Sonoita, Arizona – August 2022 – From Ranching to Renaissance

After our visit to the Empire Ranch house, we continued to wander the dusty roads to check out the sights. Imagine our surprise when we came across a group of Renaissance Cosplay people.

This event was not one of the more structured Renaissance Festivals that tour the country, rather this is a group of people who like to get dressed up and spend the weekend living in the renaissance period.

After checking with some people near the entrance they assured me we were more than welcome, and that they would be thrilled to have photos taken of them. Say no more!

Sonoita, Arizona – August 2022 – Empire Ranch

In the high grasslands of Southern Arizona lies the Empire Ranch. This ranch at it’s largest covered 180 square miles, larger than the city of Philadelphia. While there are still some cattle still on the land, it is mostly a nature preserve.

Located between the Whetstone Mountains and the Santa Rita Mountains, the land lies at 5000′ in elevation, providing enough rain for the grassy fields to support the cattle.

In addition the Cienega Creek runs through the ranch, providing nearly year round water.

It is not normally this green, Southern Arizona has had an active monsoon season, and everything now is very green.

The original homestead is maintained by a non profit group called the Empire Ranch Foundation. Among other things they maintain the house, and additional buildings.

The home, as well as most of the buildings, is built out of adobe and wood. Many have had a skim of stucco added later.

Inside the ranch house, and attached other buildings, there is a collection of items from when the ranch was active including a butter churn, cowboy spurs and other items.

This view shows evidence of the original adobe walls.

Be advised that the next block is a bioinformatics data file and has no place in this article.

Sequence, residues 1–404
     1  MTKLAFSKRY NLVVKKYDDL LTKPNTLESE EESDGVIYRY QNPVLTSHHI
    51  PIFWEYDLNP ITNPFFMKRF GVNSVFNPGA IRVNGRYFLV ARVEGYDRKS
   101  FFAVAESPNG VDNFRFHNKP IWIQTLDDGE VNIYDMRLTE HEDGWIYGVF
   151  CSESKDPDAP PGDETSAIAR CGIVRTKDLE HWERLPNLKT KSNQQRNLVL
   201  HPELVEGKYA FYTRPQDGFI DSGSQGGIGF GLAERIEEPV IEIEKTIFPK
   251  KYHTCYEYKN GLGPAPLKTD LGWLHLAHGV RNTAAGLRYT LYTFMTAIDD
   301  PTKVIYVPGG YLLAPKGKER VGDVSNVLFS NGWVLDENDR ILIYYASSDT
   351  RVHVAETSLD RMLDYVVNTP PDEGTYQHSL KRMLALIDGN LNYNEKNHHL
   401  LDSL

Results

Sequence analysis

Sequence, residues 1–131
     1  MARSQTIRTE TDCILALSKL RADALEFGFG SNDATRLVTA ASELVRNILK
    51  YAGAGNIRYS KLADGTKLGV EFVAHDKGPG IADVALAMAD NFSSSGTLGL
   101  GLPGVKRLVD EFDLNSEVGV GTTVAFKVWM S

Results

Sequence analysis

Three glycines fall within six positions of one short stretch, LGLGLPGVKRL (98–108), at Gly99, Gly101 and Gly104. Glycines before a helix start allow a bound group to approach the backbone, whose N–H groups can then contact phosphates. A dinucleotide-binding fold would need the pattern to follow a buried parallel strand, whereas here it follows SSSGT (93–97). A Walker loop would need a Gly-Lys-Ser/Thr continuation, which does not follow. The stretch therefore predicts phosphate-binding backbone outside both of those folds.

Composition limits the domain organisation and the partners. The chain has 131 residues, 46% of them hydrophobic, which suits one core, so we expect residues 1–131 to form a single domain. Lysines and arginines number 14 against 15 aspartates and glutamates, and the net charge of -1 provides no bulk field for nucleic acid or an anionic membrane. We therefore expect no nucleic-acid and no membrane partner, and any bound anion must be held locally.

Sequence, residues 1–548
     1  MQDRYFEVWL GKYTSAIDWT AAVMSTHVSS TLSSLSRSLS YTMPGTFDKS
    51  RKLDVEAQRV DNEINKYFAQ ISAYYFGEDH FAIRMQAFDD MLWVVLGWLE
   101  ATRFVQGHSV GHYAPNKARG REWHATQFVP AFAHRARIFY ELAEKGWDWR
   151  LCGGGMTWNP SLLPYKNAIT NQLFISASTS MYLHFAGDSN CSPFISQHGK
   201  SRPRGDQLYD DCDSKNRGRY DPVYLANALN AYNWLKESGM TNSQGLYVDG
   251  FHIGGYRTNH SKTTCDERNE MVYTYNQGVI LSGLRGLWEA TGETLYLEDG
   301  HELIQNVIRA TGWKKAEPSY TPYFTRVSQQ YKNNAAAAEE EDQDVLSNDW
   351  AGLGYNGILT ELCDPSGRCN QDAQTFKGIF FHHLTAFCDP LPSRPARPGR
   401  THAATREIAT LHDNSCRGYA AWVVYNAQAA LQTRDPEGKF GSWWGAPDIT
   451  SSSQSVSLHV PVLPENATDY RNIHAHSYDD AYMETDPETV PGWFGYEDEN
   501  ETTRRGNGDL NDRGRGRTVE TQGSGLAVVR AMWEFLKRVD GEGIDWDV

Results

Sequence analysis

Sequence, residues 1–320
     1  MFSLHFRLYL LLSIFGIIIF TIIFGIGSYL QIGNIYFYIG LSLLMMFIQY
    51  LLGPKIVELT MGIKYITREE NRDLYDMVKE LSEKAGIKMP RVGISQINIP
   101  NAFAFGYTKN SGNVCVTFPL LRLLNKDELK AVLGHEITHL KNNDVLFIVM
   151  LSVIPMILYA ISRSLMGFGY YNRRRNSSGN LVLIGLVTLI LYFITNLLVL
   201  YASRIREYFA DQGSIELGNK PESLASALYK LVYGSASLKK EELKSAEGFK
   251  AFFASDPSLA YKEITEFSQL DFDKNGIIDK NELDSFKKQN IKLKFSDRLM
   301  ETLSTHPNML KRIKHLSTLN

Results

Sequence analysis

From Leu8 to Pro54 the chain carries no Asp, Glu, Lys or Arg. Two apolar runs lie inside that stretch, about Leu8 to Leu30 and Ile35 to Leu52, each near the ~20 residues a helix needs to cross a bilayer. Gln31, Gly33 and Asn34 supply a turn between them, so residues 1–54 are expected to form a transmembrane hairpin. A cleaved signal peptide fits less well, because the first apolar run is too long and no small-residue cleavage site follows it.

With the green grass, and the old outbuildings, it felt as though you were in the midwest, as long as you ignored the 7000′ to 9000′ mountains in the distance.

This structure is known as the saddle drying barn.

One final look at another of the old adobe buildings before we head off to the next adventure….

Vail, Arizona – December 2021 – Views From The New Neighborhood

Our move to Arizona has found us living in a town called Vail, at the far east end of Tucson. It predates the same named town in Colorado by about 100 years, but for most of it’s time was a small, dusty railroad stop. The Colorado town has nothing on the Arizona one, the mountains here have more vertical gain above the town – just without so much snow (thankfully).

In the last 30 years it has grown tremendously but still has that ‘outpost’ feel, being at the edge of town, next to the mountains and desert. This posting has random views of some sights around Vail and beyond.

While Route 66 is the most famous east-west route in the pre interstate days, in reality more people actually took U.S. 80 west to California. This route made it’s way across Southern Arizona, including a portion between Benson and Vail, on it’s way to Tucson.

U.S. 80 crosses Cienega Creek on a 1921 bridge, next to where two Southern Pacific railroad routes also traverse the creek. A cienega is a wetland unique to the Southwestern U.S., resulting in a landscape unlike the surrounding area because of the constant availability of water, with large trees lining the banks.

Just to the east is the ghost town of Pantano, another railroad stop in the late 1800s, early 1900s. Today only the water tower remains.

About 30 miles south of Vail is the town of Sonoita. As you cross the Empire Mountains the landscape changes yet again, with large fields of tall grasses, instead of the Sonoran Desert look of Vail.

A local propane dealer has a cool collection of decorated tanks.

While Saguaro National Park East has a Tucson address, it is in the Vail area. It was a good day to take the dog for a walk, and take a closer look at the cacti.

The Vail area, and all of Southern Arizona, have spectacular sunsets.

Note the full moon peeking through the clouds.